I admit that it might sound insecure, but there's also the problem that the class is templated, and has different behavior based on the traits provided; it is possible for an encoding to be provided, where all strings and characters are valid, like a default char string. Thus for some string types, the extra validation step that is now required is a complete waste of time, but the interface now requires it. For these all-valid types, the current validation method would essentially be inlined to just returning true for every check, and thus be optimized out.

### #26swiftcoder  Senior Moderators

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Posted 21 February 2013 - 07:06 PM

For these all-valid types, the current validation method would essentially be inlined to just returning true for every check, and thus be optimized out.

That's a good reason not to have a separate validation function, agreed.

But for every set of traits that do impose restrictions, you can't allow any eventuality wherein the contents of the string have not been successfully validated.

Tristam MacDonald - Software Engineer @ Amazon - [swiftcoding] [GitHub]

### #27Ectara  Members

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Posted 21 February 2013 - 07:35 PM

But for every set of traits that do impose restrictions, you can't allow any eventuality wherein the contents of the string have not been successfully validated.

I agree. I was considering some sort of hybrid approach where a validated class could be implicitly constructed as a temporary to be passed immediately for the current behavior, or optionally instantiated explicitly and have its return code checked.

I really don't want to have error codes; there are a little over 65 functions that will need to have an out parameter to then have hundreds of lines of return code checking, when it is likely that no error will occur.

The main problem is, a lot of the functions have meaningful return values, so extra parameters are needed if I do go that route. I guess I thought I had finally gotten away from spending 50% of my effort writing code that simply checks the return code if it is okay to continue, or cleans up otherwise and propagates it upward. The one feature that would have revamped that has unacceptable overhead, it seems.

So, it seems the question was never assert() vs exceptions, because assert() is unacceptable behavior. Do you use return codes for everything?

Edited by Ectara, 21 February 2013 - 07:38 PM.

### #28Ectara  Members

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Posted 21 February 2013 - 09:08 PM

I also came to the realization that validating strings internally might be difficult; the string class receives code unit arrays and their length in code points, not code units. In the example of UTF-8, if a code unit array that is only three units long is passed, and the lead unit indicates that there are four units, a function that only knows its length in characters might segfault when it attempts to validate the fourth unit. I can't find a way around this without knowing the length of the array in units.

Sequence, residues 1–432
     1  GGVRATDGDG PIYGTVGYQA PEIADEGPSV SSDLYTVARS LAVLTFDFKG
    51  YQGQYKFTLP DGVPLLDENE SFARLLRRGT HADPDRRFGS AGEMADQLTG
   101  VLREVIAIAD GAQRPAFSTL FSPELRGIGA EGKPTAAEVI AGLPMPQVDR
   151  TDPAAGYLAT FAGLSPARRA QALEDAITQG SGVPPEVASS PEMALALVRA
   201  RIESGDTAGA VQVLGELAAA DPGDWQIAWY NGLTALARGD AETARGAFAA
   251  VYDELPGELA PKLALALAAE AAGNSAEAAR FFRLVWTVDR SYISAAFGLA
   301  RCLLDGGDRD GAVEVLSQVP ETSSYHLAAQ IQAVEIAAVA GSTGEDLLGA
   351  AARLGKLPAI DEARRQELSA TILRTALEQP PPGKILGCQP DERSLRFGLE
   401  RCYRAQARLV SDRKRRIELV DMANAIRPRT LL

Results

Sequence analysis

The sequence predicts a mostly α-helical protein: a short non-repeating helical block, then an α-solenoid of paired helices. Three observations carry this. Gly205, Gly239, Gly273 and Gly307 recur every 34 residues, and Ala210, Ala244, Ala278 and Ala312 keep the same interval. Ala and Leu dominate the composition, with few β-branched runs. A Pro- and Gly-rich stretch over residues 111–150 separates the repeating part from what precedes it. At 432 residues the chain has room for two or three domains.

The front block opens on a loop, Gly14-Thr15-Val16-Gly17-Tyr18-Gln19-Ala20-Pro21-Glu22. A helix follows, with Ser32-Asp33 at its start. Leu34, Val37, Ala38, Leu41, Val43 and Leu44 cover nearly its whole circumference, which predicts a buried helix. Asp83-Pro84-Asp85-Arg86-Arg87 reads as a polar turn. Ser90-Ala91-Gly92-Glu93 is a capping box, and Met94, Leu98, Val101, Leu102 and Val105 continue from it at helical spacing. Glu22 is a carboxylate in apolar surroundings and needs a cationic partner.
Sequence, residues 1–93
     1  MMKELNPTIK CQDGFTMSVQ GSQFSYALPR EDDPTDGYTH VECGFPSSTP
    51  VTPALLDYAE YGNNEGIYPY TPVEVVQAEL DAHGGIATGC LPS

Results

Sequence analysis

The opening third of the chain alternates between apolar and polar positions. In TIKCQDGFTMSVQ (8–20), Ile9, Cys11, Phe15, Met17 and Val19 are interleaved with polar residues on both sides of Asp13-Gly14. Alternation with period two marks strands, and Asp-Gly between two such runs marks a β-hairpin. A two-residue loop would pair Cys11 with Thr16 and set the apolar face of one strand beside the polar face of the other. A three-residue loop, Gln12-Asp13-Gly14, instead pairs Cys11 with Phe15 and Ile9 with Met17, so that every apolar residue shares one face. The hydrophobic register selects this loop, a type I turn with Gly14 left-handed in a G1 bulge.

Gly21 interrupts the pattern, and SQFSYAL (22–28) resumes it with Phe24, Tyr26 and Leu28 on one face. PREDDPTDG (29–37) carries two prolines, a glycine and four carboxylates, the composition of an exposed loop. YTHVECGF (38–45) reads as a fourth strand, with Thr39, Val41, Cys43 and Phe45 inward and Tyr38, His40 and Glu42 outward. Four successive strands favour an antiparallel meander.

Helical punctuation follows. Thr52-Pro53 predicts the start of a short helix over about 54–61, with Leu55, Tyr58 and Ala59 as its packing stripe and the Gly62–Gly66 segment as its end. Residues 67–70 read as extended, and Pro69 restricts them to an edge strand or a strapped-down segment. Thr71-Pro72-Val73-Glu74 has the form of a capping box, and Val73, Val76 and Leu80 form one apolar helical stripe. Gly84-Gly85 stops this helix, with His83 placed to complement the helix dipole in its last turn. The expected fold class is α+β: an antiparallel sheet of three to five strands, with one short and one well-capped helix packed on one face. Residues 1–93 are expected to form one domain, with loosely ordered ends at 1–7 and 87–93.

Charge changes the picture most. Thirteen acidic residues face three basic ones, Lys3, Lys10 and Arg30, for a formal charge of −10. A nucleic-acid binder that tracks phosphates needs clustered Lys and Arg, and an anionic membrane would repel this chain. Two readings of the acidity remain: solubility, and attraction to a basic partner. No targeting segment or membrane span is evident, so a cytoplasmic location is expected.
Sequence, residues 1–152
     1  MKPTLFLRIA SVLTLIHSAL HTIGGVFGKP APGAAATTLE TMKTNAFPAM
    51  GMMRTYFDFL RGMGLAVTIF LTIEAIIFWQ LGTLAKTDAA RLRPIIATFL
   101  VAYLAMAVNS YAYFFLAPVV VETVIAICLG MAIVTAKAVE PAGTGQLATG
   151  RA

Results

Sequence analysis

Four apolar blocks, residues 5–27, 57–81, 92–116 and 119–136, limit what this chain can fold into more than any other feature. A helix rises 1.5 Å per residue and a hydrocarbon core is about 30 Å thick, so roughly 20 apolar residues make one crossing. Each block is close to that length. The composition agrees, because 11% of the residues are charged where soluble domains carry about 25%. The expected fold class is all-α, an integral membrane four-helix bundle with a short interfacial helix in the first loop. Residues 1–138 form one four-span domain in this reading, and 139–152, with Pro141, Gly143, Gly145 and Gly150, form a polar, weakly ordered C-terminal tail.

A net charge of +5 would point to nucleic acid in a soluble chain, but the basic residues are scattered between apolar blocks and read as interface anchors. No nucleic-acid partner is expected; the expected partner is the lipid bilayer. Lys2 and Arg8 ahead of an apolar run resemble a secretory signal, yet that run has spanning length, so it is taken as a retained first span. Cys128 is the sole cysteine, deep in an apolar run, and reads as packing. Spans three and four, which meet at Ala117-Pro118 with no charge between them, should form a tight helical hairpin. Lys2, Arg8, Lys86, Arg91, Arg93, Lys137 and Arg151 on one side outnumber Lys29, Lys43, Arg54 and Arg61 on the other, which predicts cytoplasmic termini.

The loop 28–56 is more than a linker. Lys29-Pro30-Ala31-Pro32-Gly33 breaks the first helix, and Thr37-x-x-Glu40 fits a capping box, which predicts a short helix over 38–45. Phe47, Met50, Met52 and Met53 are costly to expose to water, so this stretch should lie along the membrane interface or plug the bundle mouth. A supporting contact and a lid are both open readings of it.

### #29swiftcoder  Senior Moderators

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Posted 21 February 2013 - 09:14 PM

So, it seems the question was never assert() vs exceptions, because assert() is unacceptable behavior. Do you use return codes for everything?

I personally use exceptions for anything where I can't just log and abort(). They are far from perfect, but they are the best I currently have in C++.

Funnily enough, I think Perl may be the only language that gets this somewhat right. It has a bunch of convenient constructs to let you chain errors without excessive syntactic overhead:

my $var = myfunc$0 or return "myfunc failed"


Tristam MacDonald - Software Engineer @ Amazon - [swiftcoding] [GitHub]

### #30Ectara  Members

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Posted 21 February 2013 - 10:16 PM

They are far from perfect, but they are the best I currently have in C++.

I agree; for their faults, they do seem to be very useful in this regard. However, with the ever-looming possibility that exceptions might be disabled, seems like they're out for me.

Funnily enough, I think Perl may be the only language that gets this somewhat right.

I wish other languages had simpler error handling routines. I'd settle for exceptions that handled only integer return codes, or something. The RTTI implied in checking which type the exception was can be killer. I've been reading that some embedded implementations perform this by doing string comparisons against the name of the type.

I have no idea how I am supposed to do all of these things without error codes. I can't use concatenation operators on my string class; those can't sensibly return an error code, and they only accept two operands. If I have anything but assertions or exceptions for error handling, it means I am not allowed to use operators or constructors that actually do anything. Is this the state of things, that without exceptions, we go back to C with classes?

### #31Kylotan  Moderators

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Posted 22 February 2013 - 06:19 AM

In the constructor, it only validates once. However, if it fails, there's a critical error that results in breaking into the debugger. So, in order to prevent this error, one must validate or sanitize before passing the data to the constructor. Or, do people not even make sure it is valid, and let the application abort to let them know?

It only breaks into the debugger because you've told it to. That is not usually what an exception thrown from a constructor does. It seems like you want (or wanted?) to use exceptions as assertions, but they're for different problems. Development-time errors can be fixed with static typing and assertions, and run-time errors on user input absolutely have to have conditional checks at some point along the pipeline. Both have their place. Exceptions can be used to implement both, but they're not necessary.